A Christmas Carol II: Ebenezer's Revenge
Scrooge was better than his word. He did it all, and infinitely more; and to Tiny Tim, who did not die, he was a second father. He became as good a friend, as good a master, and as good a man, as the good old city knew, or any other good old city, town, or borough, in the good old world.
From Christmas day on, never was a man more generous than Ebenezer Scrooge. If any man, woman, or child was for want, a gold coin found its way into their pocket. But of all, no man benefited more than his poor clerk, Good Old Bob Cratchit. Salary tripled, Scrooge gave is former clerk, now partner, his office. With all the good Scrooge delivered throughout the town, the office stood empty.
Over time, what started as a whisper, Good Old Bob Cratchit added a few pounds to his weekly pay. When it went unnoticed by Scrooge, he added a few more. Ultimately, Good Old Bob Cratchit grew fat, in both girth and bank roll, as he imprudently moved money from Scrooge’s accounts into his own. With his new-found wealth, Good Old Bob Cratchit enjoyed the countless pubs, taverns, and barmaids that were now readily available to him. He rarely returned home to his wife and children on those nights. Eventually, he never returned at all.
Over the next few years, as Scrooge continued to spread Christmas cheer throughout the year, his bills went unpaid, a task assigned to Good Old Bob Cratchit. When Scrooge confronted his partner of the oversight, Good Old Bob Cratchit’s eyes swelled with tears, and with his face turned upward, he’d mutter two words:
With that name in the air, Ebenezer’s heart glowed and any thoughts of Good Old Bob Cratchit cheating him flew from his mind.
By the following summer, his accounts depleted, his bills unpaid, the bank foreclosed on Scrooge’s home to cover his debt. Who bought the home from the bank?
Why, it was Good Old Bob Cratchit, of course.
Scrooge was elated. His old friend saved him from a most desperate life. With burden removed, Scrooge was as light as a feather as he rushed through the streets, eager to thank his benefactor.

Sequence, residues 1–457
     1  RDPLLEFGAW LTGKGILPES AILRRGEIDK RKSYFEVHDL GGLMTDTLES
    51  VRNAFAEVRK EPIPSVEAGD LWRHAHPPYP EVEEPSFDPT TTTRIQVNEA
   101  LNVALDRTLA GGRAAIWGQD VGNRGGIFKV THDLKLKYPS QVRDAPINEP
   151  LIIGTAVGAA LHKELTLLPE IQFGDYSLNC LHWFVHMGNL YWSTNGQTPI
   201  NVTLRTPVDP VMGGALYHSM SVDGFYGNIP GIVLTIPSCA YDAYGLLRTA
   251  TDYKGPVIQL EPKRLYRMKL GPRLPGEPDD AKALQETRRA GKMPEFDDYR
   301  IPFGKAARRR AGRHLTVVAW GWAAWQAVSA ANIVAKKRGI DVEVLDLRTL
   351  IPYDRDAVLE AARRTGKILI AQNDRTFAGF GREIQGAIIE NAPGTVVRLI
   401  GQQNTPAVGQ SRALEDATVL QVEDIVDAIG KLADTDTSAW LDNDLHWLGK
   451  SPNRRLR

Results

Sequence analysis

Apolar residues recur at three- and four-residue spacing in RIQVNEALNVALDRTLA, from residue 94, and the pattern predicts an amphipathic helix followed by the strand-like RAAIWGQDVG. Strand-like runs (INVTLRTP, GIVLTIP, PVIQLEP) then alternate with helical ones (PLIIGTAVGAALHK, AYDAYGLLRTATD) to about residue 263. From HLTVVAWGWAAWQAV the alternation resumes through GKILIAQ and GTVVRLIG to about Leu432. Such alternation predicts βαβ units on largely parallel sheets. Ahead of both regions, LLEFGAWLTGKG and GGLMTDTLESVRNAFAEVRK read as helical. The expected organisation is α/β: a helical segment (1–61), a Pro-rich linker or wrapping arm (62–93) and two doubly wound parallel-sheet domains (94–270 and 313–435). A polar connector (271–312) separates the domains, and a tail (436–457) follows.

Through the office door he burst, Scrooge saw his savior hard at work behind the desk he once occupied. Scrooge reached out his hand to thank his good friend.
But, Scrooge's hand hung in the air, unclasped, as Good Old Bob Cratchit spat, “I expect you out of the house by week’s end”.
By now, the story of Tiny Tim had long escaped the streets of his home and was known far and wide. It fell upon the ears of the Duke and Duchess of Sutherland. A childless couple, the Duchess so fell in love with the story of Tiny Tim she would not stop pestering her husband until he sent a Page with a bag of gold to get the boy. Good Old Bob Cratchit counted the coins as Tiny Tim was whisked away in a carriage, never to be seen by his family again. Over the years, Tim could no longer be called Tiny as the Duke and Duchess threw elaborate feast to celebrate their miracle child. The irony, Tim no longer needed his legs, as the world was now brought to him on a silver platter.
Martha Cratchit and her children disappeared from the pages of the town, so embarrassed by what Good Old Bob Cratchit had become.
Scrooge, now abandoned, but not broken, moved to a workhouse where, undeterred, he still helped the elderly and infirmed that now filled his world.
So, it was with bewilderment, that a young boy, on Christmas Eve, sought out Ebenezer Scrooge. He had been given a shilling to seek the old man out.
“Who would do that?” Scrooge said, perplexed by the situation he found himself.
The young boy, a broad smile filled his cheeks, his chest puffed out ever so slightly, said, “Why, it was Good Old Bob Cratchit himself!”
Soon after, Ebenezer Scrooge found himself in his old study. In the hearth a fire blazed; a silence and warmth filled his chest and eased his aches. A heavy foot fall grew loud behind him, seconds before Good Old Bob Cratchit burst into the room.
The look of horror stamped on his old clerk’s face looked familiar to Scrooge.
Good Old Bob Cratchit sat across from Scrooge, in Ebenezer's favorite leather chair. He went on to tell a fantastical tale of how Jacob Marley came to him that night. He was wrapped in chains and weights and heartache; he said these were the chains he forged in life. He warned me, he said if I did not change my ways, my chains would be far greater than his.
“I trust you, Ebenezer,” Good Old Bob Cratchit pleaded, “what should I do?
Ebenezer Scrooge looked around the room, his old study. He looked at the fire that warmed him so many years ago. He looked at Good Old Bob Cratchit, who even now, while asking for Ebenezer's help, was cloaked in Scrooge’s favorite dressing gown. The gown he wore the night that Jacob Marley came to warn him of those exact same chains.
“Well,” Scrooge began, “it was probably just a slight disorder of your stomach,” Scrooge continued, “may be an undigested bit of beef, a blot of mustard, a crumb of cheese, a fragment of an underdone potato.”
Scrooge’s tone comforted Good Old Bob Cratchit, who leaned back in the chair, the color returned to his cheeks.
“In fact,” Scrooge smiled, “What you say had more to do with gravy than the grave”.
That gave them both a good chuckle. Good Old Bob Cratchit’s breathing returned, his shoulders dropped, and his pulse crawled back to normal.
Ebenezer Scrooge watched how his words so eased his old clerk’s pains.
With a dead stare that Ebenezer had not known in years returning to his eyes, he said, with just slightest hint of a curled smile.
“Don’t worry, Bob, you don’t have to change a thing – you’ll be fine.”
- Opening paragraph is from ‘A Christmas Carol’ written by Charles Dickens published December 19th, 1843